• TARGETjobs Working Abroad pages: there’s a guide for students looking to work abroad, and profiles for 40 countries. Each country profile looks at the job market, application process, vacancy sources for both work experience and graduate jobs, and visa requirements.
  • GoinGlobal is another commonly used resource, and again has country profiles, labour market and employment trends info and global CVs advice.
  • Organisations such as BUNACAIESEC and Year Out Group can help you explore a range of international placements and work experience programmes.
  • Generation UK – India programme: British Council have launched this exciting scheme for students and graduates to work in a range of diverse placements across India. I just attended the webinar this week and it looks set to be a great opportunity!
  • Summer Camps in America: many organisations provide fun packed opportunities to work in camps across the States, Camp America, CCUSA, Camp Leaders are just a few.
  • ERASMUS and other exchange programmes: your university may have partnerships with these schemes so check this out.
  1. I want to go to a really exciting new place, but am worried about ending up in a troubled zone!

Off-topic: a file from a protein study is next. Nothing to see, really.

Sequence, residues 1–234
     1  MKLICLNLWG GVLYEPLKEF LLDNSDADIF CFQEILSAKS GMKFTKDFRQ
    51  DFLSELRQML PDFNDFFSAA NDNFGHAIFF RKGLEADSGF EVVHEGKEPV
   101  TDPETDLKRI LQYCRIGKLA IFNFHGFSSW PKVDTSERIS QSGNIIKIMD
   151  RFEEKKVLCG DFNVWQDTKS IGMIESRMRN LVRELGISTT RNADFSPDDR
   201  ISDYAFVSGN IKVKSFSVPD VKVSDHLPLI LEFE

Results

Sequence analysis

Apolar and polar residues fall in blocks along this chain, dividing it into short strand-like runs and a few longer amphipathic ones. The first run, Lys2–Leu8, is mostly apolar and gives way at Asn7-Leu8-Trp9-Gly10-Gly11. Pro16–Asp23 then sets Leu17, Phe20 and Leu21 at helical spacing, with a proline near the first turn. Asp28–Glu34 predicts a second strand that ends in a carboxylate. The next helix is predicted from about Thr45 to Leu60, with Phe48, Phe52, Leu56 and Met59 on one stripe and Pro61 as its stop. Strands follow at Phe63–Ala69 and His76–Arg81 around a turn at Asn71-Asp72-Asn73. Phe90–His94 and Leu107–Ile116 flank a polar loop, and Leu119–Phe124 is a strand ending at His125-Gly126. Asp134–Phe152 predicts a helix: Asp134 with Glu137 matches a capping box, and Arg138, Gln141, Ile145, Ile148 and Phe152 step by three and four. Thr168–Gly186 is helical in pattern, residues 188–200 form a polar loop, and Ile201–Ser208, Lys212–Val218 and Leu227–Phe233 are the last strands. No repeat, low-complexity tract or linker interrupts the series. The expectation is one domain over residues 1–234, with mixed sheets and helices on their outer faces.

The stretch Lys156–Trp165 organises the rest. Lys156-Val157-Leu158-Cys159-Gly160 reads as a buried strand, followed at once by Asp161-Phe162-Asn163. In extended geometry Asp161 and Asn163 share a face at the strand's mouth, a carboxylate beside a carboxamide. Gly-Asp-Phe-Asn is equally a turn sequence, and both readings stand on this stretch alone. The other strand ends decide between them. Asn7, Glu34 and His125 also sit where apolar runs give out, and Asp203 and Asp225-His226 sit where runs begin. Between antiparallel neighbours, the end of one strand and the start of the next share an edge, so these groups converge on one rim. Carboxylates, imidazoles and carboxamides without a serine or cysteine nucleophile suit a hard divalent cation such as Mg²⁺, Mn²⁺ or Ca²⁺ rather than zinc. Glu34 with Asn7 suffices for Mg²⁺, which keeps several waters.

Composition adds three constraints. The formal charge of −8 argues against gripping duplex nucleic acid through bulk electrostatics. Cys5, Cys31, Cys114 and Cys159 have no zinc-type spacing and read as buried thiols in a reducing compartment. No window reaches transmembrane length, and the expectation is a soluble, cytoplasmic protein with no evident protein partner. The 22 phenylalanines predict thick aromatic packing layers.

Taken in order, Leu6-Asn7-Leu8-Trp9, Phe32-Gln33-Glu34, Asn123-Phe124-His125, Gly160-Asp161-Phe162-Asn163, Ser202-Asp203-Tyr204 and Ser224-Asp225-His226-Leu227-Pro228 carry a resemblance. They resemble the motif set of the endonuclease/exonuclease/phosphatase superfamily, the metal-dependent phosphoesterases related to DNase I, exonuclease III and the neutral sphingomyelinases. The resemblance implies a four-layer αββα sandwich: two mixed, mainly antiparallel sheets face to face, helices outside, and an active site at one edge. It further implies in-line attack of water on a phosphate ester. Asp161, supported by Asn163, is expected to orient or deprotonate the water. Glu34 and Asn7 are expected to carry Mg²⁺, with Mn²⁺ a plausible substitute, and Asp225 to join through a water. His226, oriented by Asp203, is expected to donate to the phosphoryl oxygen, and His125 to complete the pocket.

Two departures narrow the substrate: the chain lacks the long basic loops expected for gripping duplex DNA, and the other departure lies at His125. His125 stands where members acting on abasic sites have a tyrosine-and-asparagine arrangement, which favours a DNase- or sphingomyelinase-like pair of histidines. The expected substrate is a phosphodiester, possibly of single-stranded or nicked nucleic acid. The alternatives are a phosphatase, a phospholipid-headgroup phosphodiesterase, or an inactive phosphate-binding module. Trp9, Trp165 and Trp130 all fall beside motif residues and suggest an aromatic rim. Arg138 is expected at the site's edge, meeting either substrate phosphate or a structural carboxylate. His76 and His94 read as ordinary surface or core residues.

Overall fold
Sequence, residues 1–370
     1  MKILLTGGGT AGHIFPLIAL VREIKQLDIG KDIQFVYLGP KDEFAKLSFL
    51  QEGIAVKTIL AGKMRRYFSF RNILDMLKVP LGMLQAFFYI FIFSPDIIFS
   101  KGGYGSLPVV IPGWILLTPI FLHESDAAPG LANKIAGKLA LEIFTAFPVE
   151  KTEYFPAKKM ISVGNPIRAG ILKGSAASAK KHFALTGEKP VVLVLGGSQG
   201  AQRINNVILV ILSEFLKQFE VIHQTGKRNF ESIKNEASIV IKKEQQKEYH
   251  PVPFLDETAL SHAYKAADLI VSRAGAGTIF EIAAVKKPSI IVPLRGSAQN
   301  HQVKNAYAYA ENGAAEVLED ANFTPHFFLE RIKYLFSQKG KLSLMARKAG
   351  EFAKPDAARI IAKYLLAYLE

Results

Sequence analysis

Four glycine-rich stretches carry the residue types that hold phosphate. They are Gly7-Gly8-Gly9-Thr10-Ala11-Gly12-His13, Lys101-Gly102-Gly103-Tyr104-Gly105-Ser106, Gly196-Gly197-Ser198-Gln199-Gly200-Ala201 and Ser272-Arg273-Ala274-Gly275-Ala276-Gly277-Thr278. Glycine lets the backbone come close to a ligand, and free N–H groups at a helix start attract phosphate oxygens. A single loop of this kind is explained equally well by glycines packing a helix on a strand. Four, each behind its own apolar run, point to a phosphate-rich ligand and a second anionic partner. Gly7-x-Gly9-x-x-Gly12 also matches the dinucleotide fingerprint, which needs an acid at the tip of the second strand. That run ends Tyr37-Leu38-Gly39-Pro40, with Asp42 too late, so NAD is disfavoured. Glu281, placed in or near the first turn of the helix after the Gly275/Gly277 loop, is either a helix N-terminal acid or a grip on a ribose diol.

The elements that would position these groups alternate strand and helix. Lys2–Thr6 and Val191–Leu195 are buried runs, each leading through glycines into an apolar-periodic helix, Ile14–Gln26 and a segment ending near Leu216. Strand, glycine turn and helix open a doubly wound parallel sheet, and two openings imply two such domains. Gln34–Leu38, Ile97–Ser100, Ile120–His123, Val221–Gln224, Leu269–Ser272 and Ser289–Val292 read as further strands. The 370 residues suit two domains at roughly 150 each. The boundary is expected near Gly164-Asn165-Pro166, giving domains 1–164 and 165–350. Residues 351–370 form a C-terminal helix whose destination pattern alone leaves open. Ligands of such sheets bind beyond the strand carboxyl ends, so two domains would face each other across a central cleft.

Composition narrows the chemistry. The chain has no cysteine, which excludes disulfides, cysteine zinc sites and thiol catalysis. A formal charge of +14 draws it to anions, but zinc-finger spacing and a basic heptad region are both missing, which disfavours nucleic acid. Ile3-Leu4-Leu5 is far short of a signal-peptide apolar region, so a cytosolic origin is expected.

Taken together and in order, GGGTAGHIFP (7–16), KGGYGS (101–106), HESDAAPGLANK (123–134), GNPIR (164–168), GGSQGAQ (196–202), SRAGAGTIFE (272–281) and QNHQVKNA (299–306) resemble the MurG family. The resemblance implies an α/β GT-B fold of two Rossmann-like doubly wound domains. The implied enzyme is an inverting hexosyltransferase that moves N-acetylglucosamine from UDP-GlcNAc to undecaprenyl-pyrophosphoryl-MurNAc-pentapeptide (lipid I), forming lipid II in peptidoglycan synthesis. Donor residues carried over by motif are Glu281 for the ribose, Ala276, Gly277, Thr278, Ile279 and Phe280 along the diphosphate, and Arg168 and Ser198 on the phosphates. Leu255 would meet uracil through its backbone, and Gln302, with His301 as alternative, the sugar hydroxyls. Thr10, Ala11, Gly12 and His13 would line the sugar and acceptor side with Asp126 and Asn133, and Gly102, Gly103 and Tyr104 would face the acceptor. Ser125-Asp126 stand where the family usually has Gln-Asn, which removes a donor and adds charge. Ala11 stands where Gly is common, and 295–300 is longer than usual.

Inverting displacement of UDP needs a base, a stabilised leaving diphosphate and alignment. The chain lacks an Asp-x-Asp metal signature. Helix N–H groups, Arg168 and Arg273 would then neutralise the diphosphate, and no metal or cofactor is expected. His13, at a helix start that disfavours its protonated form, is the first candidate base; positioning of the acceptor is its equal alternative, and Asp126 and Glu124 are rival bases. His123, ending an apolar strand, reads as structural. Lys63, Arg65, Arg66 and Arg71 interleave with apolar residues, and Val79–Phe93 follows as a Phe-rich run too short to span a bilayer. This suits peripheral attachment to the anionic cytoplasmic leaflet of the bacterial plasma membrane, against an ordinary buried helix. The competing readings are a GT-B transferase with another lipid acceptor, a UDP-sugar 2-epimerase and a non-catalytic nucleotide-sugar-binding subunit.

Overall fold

The Foreign and Commonwealth Office Know Before You Go website is a useful reference point to check the travel and political situation for any country. It’s updated regularly and has information on local laws, customs, security and terrorism threats. So do make sure you know about any travel alerts and restrictions before you go. Your university may also have guidance and information so get in touch with international or other relevant departments.

  1. How can I ensure I get the most out of my global experience?

My top tips are:

  • Plan and identify what you want to achieve from your time abroad. Think about what skills and knowledge you want to develop. That way you can ensure you have a productive time and also you will be better prepared to showcase your experience to prospective employers.
  • Consider finances and any funding opportunities. Speak to your careers service and university about any travel bursaries, scholarships and grants that may be available.
  • Research your chosen country, cultural issues and the language. Maybe enrol in some local classes as learning a few words and key phrases might help in establishing rapport with locals. Knowing about cultural etiquettes is critical if you don’t want to cause offence to anyone! Obviously monitor the security and political situation if travelling to potentially risky locations.
  • Research the role and organisation. Find out about any volunteering projects you’re looking to do, is it well planned with specific objectives, do you have a defined role, how many participants are involved? Will there be training and support provided? Are you getting value for money? Also check out the organisation to see if they have any reputable endorsements, do they have a successful track record and what have been experiences of other participants? Do your homework so you can ensure you have a positive, valuable and safe experience.

So I hope these are some useful tips for going global, if you have any other thoughts you want to share, would be happy to hear from you.

Published by Monira Ahmed

Careers Professional & Blogger; passionate about International Careers, Diversity Matters and Mentoring.